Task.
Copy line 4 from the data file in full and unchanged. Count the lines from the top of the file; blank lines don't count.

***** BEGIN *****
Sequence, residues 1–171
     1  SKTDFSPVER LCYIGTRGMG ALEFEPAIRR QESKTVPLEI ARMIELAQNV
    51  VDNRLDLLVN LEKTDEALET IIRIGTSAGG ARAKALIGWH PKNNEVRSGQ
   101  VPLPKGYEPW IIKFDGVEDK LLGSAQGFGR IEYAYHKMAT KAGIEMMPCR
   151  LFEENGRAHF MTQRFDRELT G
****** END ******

   101  VPLPKGYEPW IIKFDGVEDK LLGSAQGFGR IEYAYHKMAT KAGIEMMPCR